(CMR) A 34-year-old Jamaican woman living in New York is facing federal charges for a catfishing scheme in which she used multiple online identities to target rich, prominent men for extortion.
Sakoya Blackwood is charged with cyberstalking, extortion, and interstate communications with the intent to extort. According to an indictment, Blackwood, who also goes by Koya Blackwood Fews and Lila Cohen, among other aliases, began the alleged scheme in March of this year.
She allegedly targeted an unnamed CEO of a publicly traded company, identified in documents only as Victim-1. Blackwood reportedly used online communications to elicit compromising materials from the victim, then attempted to blackmail him over multiple months.
“Blackwood engaged in a campaign of harassment against Victim-1, sending numerous intimidating and threatening text messages. Blackwood also used threats of economic and reputational harm from the release of the sexually explicit communications and photographs in an attempt to obtain payments from Victim-1,” the U.S Attorney's Office for the Southern District of New York said in a statement.
According to court documents, when Blackwood was arrested on Wednesday, authorities executed a search warrant at her home in the Bronx that she shared with her mother, her brother, and her daughter. There, they found six different ID cards. In her wallet, she had four with her photo on them: an Arizona driver's license in the name of Louren Hennessy, a California driver's license in the name of Susannah Forest, an Arizona driver's license in the name of Harper Dean, and a New York City ID card in her own name. Authorities also recovered a hospital badge in the name of Jessica Bottomley, M.D., and a New York State ID in the name of Nataya Romeo.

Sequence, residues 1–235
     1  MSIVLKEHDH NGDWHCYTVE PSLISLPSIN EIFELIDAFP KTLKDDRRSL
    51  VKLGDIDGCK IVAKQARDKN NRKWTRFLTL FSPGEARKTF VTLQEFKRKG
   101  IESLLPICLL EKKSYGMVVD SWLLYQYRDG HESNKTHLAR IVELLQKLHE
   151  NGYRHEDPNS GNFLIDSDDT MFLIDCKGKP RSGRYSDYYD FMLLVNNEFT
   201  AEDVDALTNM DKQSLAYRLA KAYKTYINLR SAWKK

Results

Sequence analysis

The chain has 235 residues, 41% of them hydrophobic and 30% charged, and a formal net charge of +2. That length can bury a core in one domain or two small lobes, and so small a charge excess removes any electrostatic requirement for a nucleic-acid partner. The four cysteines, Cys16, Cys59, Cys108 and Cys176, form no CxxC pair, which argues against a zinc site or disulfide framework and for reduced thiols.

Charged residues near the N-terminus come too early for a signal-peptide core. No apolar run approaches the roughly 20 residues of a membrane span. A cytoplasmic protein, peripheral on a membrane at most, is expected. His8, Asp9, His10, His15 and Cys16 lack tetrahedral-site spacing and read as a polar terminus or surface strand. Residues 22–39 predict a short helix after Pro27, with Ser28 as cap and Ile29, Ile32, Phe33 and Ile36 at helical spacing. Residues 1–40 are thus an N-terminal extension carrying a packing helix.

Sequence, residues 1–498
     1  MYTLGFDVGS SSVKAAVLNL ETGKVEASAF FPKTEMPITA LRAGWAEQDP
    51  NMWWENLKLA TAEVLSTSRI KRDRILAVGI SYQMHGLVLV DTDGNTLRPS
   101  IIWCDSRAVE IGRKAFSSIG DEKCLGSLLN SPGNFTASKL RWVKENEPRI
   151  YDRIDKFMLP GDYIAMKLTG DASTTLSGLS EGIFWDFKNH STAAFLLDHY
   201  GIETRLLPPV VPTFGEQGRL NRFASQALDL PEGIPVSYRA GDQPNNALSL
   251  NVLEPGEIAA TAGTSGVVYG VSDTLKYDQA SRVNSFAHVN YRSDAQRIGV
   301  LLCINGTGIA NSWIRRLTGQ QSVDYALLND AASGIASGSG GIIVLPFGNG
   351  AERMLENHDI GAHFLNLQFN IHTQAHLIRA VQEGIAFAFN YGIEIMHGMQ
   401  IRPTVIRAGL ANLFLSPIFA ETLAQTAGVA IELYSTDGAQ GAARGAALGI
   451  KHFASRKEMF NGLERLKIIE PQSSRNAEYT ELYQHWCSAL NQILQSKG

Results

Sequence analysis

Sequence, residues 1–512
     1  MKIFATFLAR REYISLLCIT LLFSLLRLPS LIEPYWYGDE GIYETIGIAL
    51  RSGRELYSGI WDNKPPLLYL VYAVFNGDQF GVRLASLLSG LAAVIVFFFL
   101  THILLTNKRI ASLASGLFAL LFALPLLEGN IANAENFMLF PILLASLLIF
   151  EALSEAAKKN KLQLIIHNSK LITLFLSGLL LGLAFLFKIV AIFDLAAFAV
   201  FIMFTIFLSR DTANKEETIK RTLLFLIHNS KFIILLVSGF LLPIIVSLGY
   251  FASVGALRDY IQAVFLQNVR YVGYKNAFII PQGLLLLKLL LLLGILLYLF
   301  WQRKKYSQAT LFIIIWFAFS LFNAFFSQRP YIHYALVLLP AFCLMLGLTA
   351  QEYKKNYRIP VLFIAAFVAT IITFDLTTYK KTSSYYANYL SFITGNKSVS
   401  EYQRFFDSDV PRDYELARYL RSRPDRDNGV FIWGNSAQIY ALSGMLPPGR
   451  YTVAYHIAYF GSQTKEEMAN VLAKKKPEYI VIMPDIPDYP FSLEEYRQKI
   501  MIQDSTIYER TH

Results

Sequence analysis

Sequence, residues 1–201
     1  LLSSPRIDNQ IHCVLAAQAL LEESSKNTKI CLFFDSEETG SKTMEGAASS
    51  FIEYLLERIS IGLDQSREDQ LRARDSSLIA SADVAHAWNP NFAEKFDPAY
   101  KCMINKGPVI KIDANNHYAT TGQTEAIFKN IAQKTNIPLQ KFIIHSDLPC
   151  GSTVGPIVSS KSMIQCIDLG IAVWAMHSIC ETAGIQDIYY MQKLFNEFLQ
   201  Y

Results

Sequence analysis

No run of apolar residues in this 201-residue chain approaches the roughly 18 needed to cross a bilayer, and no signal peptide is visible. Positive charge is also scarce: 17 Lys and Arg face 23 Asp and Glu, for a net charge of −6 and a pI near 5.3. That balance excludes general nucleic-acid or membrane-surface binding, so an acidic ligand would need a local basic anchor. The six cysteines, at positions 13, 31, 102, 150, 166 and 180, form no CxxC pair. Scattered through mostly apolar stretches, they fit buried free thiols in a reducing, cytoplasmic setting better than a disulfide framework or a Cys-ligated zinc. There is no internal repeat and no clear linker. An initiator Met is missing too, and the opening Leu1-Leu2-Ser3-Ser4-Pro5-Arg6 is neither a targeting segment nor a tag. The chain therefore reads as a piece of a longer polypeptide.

Authorities believe Blackwood used the aliases in her professional life, too. Prosecutors claim she used the alias Lila Cohen to apply to several jobs and has used several different addresses and educational backgrounds on her resumes.
Blackwood's scheme was described as showing “sophistication and technical acumen, and an ease in adopting different identities, skills the government argued she could use to flee the charges.
Blackwood has no history of legal employment as she lacks legal immigration status, having arrived in the U.S. from Jamaica in 2002 on a tourist visa.
She also reportedly attempted to extort many other potential victims, all wealthy and high-profile men.
Michael J. Driscoll, assistant director of the FBI's New York field office, has appealed for more victims to come forward.
“Most people hope for a personal human connection in life, and scam artists twist that desire into illicit schemes to steal more than hearts. We believe Blackwood used tactics we allege in this indictment to blackmail and extort money from other victims. We are asking those people to contact us so we can help them but also to ensure no one else ever falls victim to Blackwood’s alleged deception,” he said.
If convicted of all three charges, Blackwood, who is being held at the Metropolitan Detention Center in Brooklyn, could face 27 years in prison.